JFS is a 64-bit file system that has been created by IBM. JFS has a full-form “Journaled File System.” The initial version of JFS (also called JFS1) was developed for IBM’s AIX operating system and was released in 1990.

In 2001, IBM released JFS2 (the Enhanced Journaled File System), and a version of JFS that was compatible with the Linux operating system .

The ” journaled ” aspect of JFS means that such a file system takes care of the tracks of what changes have been made to a log file (or journal) in files and folders.

This log is used to backtrack some changes if an unexpected power failure or system crash occurs in a case, which prevents data from being corrupted.

For example, if a file is in a process such as is in move or delete, when a computer crashes, then that journal is used to restore the file to its last stable state.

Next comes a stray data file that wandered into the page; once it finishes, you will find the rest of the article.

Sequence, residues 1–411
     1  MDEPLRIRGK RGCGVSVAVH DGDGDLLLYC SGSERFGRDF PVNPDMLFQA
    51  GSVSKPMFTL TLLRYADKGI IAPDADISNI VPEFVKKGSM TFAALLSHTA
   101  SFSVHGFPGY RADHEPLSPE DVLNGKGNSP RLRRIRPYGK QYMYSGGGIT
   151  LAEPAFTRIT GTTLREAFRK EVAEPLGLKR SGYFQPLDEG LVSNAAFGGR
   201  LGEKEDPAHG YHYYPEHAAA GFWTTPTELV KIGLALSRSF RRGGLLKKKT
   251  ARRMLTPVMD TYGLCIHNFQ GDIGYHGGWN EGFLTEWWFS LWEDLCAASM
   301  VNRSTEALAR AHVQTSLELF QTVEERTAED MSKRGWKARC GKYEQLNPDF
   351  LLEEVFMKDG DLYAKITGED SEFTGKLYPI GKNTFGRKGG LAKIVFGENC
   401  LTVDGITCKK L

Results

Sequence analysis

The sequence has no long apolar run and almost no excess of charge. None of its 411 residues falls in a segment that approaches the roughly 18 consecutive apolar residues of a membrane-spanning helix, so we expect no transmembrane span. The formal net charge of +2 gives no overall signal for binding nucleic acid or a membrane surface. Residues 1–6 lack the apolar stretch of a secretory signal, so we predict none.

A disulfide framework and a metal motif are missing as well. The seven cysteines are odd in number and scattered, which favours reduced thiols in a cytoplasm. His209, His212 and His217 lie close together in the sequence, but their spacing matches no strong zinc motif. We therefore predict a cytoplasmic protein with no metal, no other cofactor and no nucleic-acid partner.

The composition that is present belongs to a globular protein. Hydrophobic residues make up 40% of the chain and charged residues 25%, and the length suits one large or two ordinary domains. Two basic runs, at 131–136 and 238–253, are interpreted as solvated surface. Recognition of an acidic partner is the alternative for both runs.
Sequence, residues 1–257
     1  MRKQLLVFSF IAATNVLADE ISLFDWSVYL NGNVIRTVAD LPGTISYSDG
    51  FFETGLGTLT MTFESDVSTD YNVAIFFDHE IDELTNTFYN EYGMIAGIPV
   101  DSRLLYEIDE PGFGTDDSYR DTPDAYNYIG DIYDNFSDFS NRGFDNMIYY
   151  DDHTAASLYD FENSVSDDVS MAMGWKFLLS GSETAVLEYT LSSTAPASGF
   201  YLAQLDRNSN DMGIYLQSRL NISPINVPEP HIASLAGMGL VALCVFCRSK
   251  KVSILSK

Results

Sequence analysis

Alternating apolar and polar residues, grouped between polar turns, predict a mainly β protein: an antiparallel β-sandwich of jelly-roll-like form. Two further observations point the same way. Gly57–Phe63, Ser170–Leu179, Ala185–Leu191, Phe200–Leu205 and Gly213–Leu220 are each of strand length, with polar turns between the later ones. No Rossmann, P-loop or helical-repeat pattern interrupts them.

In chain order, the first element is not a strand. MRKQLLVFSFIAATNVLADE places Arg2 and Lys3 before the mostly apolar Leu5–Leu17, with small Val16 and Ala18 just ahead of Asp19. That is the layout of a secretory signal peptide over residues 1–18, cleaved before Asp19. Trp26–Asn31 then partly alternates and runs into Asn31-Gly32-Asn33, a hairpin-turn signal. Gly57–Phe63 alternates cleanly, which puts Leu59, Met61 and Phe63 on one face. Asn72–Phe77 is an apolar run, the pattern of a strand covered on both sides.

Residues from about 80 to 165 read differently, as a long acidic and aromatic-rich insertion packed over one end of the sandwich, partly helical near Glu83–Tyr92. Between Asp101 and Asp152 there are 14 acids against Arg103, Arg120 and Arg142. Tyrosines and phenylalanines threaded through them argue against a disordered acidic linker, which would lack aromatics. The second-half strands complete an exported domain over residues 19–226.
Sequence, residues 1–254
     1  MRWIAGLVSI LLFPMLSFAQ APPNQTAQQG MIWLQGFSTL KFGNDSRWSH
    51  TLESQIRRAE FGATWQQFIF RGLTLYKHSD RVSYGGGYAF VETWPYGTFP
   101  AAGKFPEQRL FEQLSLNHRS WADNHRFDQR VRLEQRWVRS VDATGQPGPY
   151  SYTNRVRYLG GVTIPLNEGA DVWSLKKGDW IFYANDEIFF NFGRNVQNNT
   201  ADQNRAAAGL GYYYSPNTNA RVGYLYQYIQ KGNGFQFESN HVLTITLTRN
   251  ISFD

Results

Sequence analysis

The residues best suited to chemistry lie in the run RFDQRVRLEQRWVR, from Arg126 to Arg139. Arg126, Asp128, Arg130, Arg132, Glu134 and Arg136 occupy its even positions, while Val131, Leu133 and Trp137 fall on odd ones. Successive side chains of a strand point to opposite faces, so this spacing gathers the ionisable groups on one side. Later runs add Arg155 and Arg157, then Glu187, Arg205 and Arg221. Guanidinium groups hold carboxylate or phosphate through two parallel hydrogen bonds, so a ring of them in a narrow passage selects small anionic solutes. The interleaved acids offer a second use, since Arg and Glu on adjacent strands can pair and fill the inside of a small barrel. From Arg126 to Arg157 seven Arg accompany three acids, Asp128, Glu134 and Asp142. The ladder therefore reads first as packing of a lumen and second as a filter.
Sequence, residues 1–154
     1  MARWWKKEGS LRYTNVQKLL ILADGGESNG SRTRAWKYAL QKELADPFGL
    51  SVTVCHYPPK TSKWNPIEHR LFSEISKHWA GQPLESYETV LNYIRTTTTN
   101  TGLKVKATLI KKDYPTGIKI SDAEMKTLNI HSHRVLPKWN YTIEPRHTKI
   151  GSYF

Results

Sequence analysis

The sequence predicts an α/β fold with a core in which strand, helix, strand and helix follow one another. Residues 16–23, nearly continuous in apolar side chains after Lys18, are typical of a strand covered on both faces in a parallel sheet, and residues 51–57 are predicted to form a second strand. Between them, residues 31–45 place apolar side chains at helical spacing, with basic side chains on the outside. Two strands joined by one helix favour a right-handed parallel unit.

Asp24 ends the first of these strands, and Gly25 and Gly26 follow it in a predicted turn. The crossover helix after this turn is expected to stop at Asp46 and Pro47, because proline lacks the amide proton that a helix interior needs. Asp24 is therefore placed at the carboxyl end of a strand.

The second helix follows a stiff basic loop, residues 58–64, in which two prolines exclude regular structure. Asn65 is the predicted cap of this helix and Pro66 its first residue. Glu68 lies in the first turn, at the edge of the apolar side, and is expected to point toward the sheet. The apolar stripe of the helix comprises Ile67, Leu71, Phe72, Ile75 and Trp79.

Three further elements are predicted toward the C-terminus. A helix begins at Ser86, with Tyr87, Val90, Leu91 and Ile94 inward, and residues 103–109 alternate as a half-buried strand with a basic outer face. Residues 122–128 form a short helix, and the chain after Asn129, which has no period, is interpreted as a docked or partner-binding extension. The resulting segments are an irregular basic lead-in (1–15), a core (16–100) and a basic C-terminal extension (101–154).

In the absence of a journal, the file may be truncate, which makes it unreadable and also causes other file system errors.

These Enhanced Journaled File System (JFS2) are also very similar to JFS, but they support larger volumes and file sizes.

For example, if a hard disk is formatted with JFS then it can be up to the size of maximum one terabyte (TB), whereas a JFS2-formatted disk can be up to 32 TB.

JFS maximum file size is slightly less than 64 gigabytes (GB), while JFS2 supports file sizes up to 16 TB. This large file capacity is very important for storing large databases that are often contained in a single file.

NOTE: JFS2 supports AIX 5.1 and above. It is supported in Linux systems with ” jfsutils ” package installed.

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